What do Moroccan women expect from new reforms in the family code?

What do Moroccan women expect from new reforms in the family code?
Moroccan women activists have high hopes for new reform to end gender-based injustices in marriage, divorce and inheritance laws - Though pictures of the male-dominated reform committee have hampered their enthusiasm.
4 min read
28 September, 2023
The committee is set to submit the new reform within six months. [Getty]

Two decades after the first reform of the family code (Moudawana), Moroccan King Mohammed VI ordered a new reform that might end child marriage, inequality in inheritance and other gender-based injustices. 

Not all Moroccans remember the significance of the reform of 2004, which, for the first time, guaranteed women the right to file for divorce. Hundreds of Islamists and conservatives went to the streets nationwide in protest against the changes.

However, Moroccan women's activists say today it's time to reform the once-called "most progressive family code in MENA" and guarantee complete equality between men and women, as emphasised by the 2011 constitution.

Moroccan women have three critical demands for changes in the new Moroccan family code that governs areas of family law such as marriage, divorce, inheritance and child custody. 

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Child marriage

Morocco's 2004 family code raised the minimum age for marriage from 15 to 18. However, it allowed the marriage of females under 18 on the condition that their families obtain permission from a judge. Meanwhile, males are categorically prohibited from marrying before the age of 18.

In 2020, Morocco recorded 12,000 cases of underage marriage. The number rose to 19,000 in 2021, according to Moroccan Justice Minister Abdellatif Ouahbi, who has been lobbying to outlaw the marriage of minors since his appointment two years ago.

The issue gained more attention amid the recent earthquake that struck the country. As the strongest earthquake in almost a century that killed over 2,900, it left many orphan minor girls who became a target of a child marriage campaign launched by conservative men.

After the quake, several NGOs, including Moroccan women's rights NGO Kif Mama Kif Baba, reiterated calls "to penalise anyone involved in child marriage."

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Guardianship and child support

According to Chapters 230, 231, 236 and 237 of the current family code, legal guardianship automatically reverts to the father following a separation. In contrast, the mother, who usually takes custody of the children, has no legal rights over them.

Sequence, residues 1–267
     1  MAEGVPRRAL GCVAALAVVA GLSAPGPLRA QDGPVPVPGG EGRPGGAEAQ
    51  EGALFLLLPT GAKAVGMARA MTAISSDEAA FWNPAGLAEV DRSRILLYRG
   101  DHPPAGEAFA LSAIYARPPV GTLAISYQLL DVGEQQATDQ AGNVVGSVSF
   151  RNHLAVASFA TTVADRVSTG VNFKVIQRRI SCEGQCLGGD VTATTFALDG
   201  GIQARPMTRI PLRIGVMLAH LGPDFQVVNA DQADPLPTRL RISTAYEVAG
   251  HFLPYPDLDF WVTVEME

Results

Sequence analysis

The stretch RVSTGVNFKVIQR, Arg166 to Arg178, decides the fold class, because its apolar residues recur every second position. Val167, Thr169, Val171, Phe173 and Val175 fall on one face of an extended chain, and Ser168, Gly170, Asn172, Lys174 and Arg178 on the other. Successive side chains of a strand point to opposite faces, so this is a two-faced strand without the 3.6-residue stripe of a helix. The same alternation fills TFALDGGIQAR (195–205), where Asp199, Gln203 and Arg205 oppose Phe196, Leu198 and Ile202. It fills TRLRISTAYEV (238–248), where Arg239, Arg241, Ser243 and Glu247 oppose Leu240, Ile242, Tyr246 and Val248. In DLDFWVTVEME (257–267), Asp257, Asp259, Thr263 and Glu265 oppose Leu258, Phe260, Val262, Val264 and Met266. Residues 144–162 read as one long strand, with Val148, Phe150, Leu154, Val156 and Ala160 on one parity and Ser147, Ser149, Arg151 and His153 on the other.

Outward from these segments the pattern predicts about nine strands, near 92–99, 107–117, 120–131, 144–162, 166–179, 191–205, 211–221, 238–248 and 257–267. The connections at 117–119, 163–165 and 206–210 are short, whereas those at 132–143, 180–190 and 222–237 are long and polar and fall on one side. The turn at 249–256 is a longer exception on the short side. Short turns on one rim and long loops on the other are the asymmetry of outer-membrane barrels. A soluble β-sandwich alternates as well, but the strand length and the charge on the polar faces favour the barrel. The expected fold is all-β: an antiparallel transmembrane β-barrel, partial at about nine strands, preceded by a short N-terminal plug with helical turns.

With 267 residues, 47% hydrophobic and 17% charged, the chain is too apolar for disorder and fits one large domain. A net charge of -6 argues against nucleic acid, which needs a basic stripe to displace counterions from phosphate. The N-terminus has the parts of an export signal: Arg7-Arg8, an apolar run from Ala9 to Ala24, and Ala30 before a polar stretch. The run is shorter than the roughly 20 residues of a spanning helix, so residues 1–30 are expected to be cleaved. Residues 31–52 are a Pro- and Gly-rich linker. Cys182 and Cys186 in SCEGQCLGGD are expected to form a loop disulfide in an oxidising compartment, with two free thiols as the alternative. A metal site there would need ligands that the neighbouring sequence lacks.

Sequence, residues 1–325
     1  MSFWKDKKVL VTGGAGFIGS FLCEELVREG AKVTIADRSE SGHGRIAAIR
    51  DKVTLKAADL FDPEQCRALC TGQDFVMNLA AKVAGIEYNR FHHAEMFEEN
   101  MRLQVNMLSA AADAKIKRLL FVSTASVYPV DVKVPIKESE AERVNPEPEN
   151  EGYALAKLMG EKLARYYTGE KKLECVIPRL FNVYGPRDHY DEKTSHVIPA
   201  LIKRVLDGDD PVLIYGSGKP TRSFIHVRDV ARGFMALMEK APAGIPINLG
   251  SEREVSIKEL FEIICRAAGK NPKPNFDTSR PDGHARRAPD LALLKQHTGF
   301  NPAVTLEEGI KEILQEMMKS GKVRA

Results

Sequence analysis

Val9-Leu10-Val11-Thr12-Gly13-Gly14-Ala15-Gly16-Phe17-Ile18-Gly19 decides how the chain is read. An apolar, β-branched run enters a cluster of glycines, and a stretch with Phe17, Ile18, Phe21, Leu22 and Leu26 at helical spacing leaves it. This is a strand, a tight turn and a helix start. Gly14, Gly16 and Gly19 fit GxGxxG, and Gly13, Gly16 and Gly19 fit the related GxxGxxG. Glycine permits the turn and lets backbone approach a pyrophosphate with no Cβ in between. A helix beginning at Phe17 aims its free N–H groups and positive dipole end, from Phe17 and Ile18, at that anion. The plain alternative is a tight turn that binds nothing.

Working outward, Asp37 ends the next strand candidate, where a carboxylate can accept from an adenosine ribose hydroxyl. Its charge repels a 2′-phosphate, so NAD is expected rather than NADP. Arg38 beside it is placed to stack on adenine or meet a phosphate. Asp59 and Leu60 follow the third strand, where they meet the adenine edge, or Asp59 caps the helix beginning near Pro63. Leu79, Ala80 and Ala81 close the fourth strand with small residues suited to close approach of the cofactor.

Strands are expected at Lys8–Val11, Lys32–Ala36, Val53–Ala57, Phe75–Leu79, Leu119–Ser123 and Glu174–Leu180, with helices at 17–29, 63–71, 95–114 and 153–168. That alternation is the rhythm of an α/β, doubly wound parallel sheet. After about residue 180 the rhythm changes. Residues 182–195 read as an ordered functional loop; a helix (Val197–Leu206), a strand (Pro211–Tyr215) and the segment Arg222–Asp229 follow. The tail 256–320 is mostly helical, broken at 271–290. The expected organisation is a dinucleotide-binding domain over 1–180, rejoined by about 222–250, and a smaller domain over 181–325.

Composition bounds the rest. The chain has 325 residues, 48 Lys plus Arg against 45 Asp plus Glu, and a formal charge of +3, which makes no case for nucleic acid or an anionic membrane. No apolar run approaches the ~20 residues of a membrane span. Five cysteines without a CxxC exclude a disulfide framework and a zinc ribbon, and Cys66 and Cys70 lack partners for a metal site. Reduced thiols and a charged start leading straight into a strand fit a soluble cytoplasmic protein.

"The mother has only the right to take care of them, but she cannot obtain administrative documents such as a passport, travel with them outside the country, or, for example, transfer them from one school. Those rights are solely reserved to the father," said Bushra Abdou, President of the Challenge Association for Equality and Citizenship.

The reserve of guardianship to men is mainly based on the religious text stating the father is the guardian of the family.

Over the years, divorced mothers have voiced their daily distress in facing relentless administrative obstacles while managing their children's studies, bank accounts or identification papers.

"I wanted to open a savings bank account for my kid, but they told me I need his father's signature to save my money for my child. It's mental," Asmae, a divorced mother, told The New Arab

Also, the amount of money the courts demand for child support is deemed "derisory and disrespectful."

The national average is 400 (US$40) dirhams per month per child. Meanwhile, the housing costs imposed range from 300 to 3,000 dirhams, depending on the father's income, which is difficult to prove if he works in the informal sector or family business.

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Inequality in Inheritance and Taasib

"Allah decrees a will for your children; the male gets twice the share of the female" (Surah An-Nisa, 4:11). Interpretations over this single verse continue to hamper Moroccan women's path to equality in inheritance, as both conservative and self-proclaimed liberals say the family code must not contradict explicit religious texts.

Meanwhile, Taasib, a law text inspired by Islamic fiqh, decrees that "female orphans who do not have a brother must share the inheritance with the male relative closest to the deceased … even if unknown and [has] never been part of the family."

Last year, Nabila Bouaayach, head of Morocco's Council of Human Rights (CNDH), said inheritance equality reinforces poverty among Moroccan women and urged immediate reform of the sexist legislation.

Nouzha Skalli, a former minister of women's rights, said in an interview in 2017, "As soon as we said the word inheritance [to clerics], we were accused of blasphemy", about her experience as a member of the Moudawana reform committee in 2004.

This time, the reform committee has no Fuqaha among its members. The committee includes, so far, three law and justice figures in the country, namely the justice minister.

Yet all of them are men, a move widely criticised online, with many arguing it might lead to lukewarm reform that fails to grasp the injustices women face under the current laws. The committee is set to submit the new reform within six months.